The average household income in the watershed is slightly higher than in Ontario, but both have been increasing between 2008 and 2018. The labour force in the watershed has experienced some impacts demonstrated by a decline in participation in the labour force as a result of the recession, but this is expected to increase by 2018. The car remains the primary mode of transportation to work for the residents in the watershed, with almost no change between 2008 and 2018. Public transit only comprises 12% of the total modes of transportation used for travel to work, although public transit use is greater in some subwatershed areas than others as a result of the established transit network. The population in the watershed is showing trends of increasing educational attainment levels, with university and higher educational levels projected to increase by 2018.

The total number of dwellings is growing, with rented dwellings showing an increase. The dwelling structures in the watershed continue to be comprised of single detached dwellings, but higher density housing such as apartment buildings are expected to increase by 2018.

However, the proportion of various structure types, expected growth and construction period varies significantly from upper to lower watershed areas.

Finally, the watershed represents a more ethnically diverse community when compared to Ontario. The numbers of individuals with non-official languages as their mother tongue is almost double that of Ontario, with Punjabi and Urdu being the most dominant of the non-official

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43

10.0 APPENDIX

22,23

Table 6: Total Population, 2008-2018

22

The orange highlights in the table represent the highest value in each category and the corresponding subwatershed area. The green highlights in the table represent the lowest value in each category and the corresponding subwatershed area.

23

The sum of the subwatershed totals and the Credit River Watershed total in some tables do not match because of the independent demographic data calculations with the best possible boundary calculation method applied to the individual boundary. For more details please read section 2.0 Methodology and Data Limitations.

Watershed Area Subwatershed 2008 2013 2018 % change '08-'13 % change '13-'18 % change '08-'18

Lower 1- Loyalist Creek 26,777 26,317 27,189 -1.7% 3.3% 1.5%

Lower 2- Carolyn Creek 26,395 27,247 26,849 3.2% -1.5% 1.7%

Lower 3- Sawmill Creek 59,710 68,710 76,480 15.1% 11.3% 28.1%

Lower 4- Mullett Creek 83,709 82,598 81,820 -1.3% -0.9% -2.3%

Lower 5 - Fletcher's Creek 131,930 147,382 152,632 11.7% 3.6% 15.7%

Lower 6 - Levi Creek 8,078 9,476 12,298 17.3% 29.8% 52.2%

Lower 7 - Huttonville Creek 1,923 3,341 5,197 73.7% 55.6% 170.2%

Lower 8a - Springbrook Tributary 3,116 9,488 16,786 204.5% 76.9% 438.7% Lower 8b - Churchville Tributary 25,839 33,162 41,384 28.3% 24.8% 60.2% Lower 9 - Norval to Port Credit 155,883 167,199 185,861 7.3% 11.2% 19.2% Lower 21 - Lake Ontario Shoreline West Tributaries 52,342 52,033 55,962 -0.6% 7.6% 6.9% Lower 22 - Lake Ontario Shoreline East Tributaries 163,312 171,488 186,262 5.0% 8.6% 14.1%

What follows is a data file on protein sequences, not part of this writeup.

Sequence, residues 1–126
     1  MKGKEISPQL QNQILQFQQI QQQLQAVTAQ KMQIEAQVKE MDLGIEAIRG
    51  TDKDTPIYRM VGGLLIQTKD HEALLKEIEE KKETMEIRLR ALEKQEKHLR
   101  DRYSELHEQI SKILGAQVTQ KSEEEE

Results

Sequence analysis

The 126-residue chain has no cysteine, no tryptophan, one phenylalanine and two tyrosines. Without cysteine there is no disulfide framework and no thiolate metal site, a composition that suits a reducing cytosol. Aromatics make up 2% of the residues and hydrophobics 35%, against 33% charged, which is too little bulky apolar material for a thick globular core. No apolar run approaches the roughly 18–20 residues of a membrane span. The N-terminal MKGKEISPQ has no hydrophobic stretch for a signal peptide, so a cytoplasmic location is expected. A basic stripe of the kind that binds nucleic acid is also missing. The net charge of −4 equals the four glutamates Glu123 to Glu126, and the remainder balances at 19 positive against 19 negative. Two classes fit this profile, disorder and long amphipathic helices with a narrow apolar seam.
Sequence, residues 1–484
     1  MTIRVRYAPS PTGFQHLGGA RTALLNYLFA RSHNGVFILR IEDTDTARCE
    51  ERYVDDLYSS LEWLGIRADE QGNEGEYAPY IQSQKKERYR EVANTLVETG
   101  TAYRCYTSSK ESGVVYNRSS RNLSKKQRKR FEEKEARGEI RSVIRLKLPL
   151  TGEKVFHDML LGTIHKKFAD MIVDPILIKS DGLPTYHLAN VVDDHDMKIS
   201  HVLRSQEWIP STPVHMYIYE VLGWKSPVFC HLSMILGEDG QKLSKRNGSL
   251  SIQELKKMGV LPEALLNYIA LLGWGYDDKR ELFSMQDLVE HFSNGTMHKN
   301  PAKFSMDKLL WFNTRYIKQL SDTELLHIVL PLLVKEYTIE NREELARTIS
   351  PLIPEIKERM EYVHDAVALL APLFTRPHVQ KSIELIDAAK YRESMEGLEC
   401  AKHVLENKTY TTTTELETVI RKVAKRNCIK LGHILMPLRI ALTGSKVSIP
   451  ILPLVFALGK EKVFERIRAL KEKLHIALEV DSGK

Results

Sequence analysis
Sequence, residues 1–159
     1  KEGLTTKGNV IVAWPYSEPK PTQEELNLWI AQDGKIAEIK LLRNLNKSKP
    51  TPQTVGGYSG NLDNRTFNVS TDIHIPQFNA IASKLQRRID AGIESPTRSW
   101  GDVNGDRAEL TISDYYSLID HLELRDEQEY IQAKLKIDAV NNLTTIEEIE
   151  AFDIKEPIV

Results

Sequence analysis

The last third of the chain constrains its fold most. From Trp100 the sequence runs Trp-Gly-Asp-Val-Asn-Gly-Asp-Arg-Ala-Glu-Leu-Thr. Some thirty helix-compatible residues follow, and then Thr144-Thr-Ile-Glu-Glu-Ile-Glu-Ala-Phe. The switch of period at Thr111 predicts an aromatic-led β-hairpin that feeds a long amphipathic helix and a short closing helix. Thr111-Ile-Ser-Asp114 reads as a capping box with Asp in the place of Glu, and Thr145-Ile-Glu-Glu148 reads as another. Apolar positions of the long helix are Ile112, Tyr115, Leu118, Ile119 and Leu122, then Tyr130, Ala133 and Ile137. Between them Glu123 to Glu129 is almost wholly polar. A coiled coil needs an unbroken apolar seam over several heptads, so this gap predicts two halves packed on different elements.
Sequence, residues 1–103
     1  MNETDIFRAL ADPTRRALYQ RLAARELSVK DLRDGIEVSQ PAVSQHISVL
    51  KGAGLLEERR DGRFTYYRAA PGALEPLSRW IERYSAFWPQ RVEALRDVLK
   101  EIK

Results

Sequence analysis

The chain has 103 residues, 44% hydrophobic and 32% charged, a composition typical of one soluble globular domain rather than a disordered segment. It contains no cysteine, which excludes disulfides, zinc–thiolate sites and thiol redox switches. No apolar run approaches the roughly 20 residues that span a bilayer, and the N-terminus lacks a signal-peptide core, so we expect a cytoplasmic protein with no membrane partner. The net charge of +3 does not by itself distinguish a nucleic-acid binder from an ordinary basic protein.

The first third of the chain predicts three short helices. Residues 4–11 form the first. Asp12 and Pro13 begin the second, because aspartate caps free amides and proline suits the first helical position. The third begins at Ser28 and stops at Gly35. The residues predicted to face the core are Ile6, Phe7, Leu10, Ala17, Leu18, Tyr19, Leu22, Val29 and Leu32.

Sub-total 739,016 798,441 868,719 8.0% 8.8% 17.6%

Middle 10 - Black Creek 17,006 17,578 19,032 3.4% 8.3% 11.9%

Middle 11 - Silver Creek 22913 23477 24818 2.5% 5.7% 8.3%

Middle 12 - Cheltenham to Glen Williams 4,064 4,400 5,040 8.3% 14.5% 24.0% Middle 13 - East Credit River 1,255 1,226 1,502 -2.3% 22.5% 19.7% Middle 14 - Glen Williams to Norval 2,876 2,979 3,255 3.6% 9.3% 13.2% Middle 20 - Forks of the Credit to Cheltenham 2,127 2,173 2,562 2.2% 17.9% 20.5%

Sub-total 50,241 51,834 56,210 3.2% 8.4% 11.9%

Upper 15 - West Credit River 7,121 6,741 6,973 -5.3% 3.5% -2.1%

Upper 16 - Caledon Creek 2,565 2,527 3,090 -1.5% 22.3% 20.5%

Upper 17 - Shaw's Creek 4,333 4,887 5,898 12.8% 20.7% 36.1%

Upper 18 - Melville to Forks of the Credit 863 812 785 -5.9% -3.4% -9.1%

Upper 19 - Orangeville 29,270 30,220 31,643 3.2% 4.7% 8.1%

Sub-total 44,152 45,186 48,389 2.3% 7.1% 9.6%

Credit River Watershed 836,422 901,148 988,506 7.7% 9.7% 18.2%

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44 Table 7: Median Age, 2008-2018

Watershed

Area Subw atershed 2008 2013 2018

Median Male

Median Fem ale

Low er 1 - Loyalist Creek 36.42 38.01 38.67 36.09 39.57

Low er 2 - Carolyn Creek 34.46 36.42 37.95 34.69 37.75

Low er 3 - Saw mill Creek 35.85 36.77 37.73 35.27 38.03

Low er 4 - Mullett Creek 37.13 39.23 40.69 37.64 40.48

Low er 5 - Fletcher's Creek 32.46 32.92 33.38 32.92 34.75

Low er 6 - Levi Creek 34.70 35.33 35.84 34.55 35.91

Low er 7 - Huttonville Creek 31.37 32.18 33.36 31.42 32.82

Low er 8a - Springbrook Tributary 31.94 32.33 33.62 32.07 32.54 Low er 8b - Churchville Tributary 32.35 33.44 34.45 32.85 33.99 Low er 9 - Norval to Port Credit 36.49 38.01 38.92 36.97 38.93 Low er 21 - Lake Ontario Shoreline West Tributaries 40.51 42.22 42.31 39.63 40.85 Low er 22 - Lake Ontario Shoreline East Tributaries 37.26 38.82 40.03 40.89 41.95

35.08 36.31 37.25 35.42 37.30

Middle 10 - Black Creek 38.26 40.31 41.01 43.84 44.73

Middle 11 - Silver Creek 39.66 41.44 41.84 45.13 47.05

Middle 12 - Cheltenham to Glen Williams 42.69 44.30 44.27 38.72 42.85

Middle 13 - East Credit River 43.80 46.09 46.17 43.30 43.57

Middle 14 - Glen Williams to Norval 39.06 40.91 41.78 44.35 46.56 Middle 20 - Forks of the Credit to Cheltenham 44.20 46.23 47.02 38.21 37.01

41.28 43.21 43.68 42.26 43.63

Upper 15 - West Credit River 41.16 43.44 44.59 44.26 44.14

Upper 16 - Caledon Creek 42.02 45.59 46.45 36.28 39.17

Upper 17 - Shaw 's Creek 36.11 37.56 37.58 46.65 45.79

Upper 18 - Melville to Forks of the Credit 41.86 44.20 47.61 40.71 43.58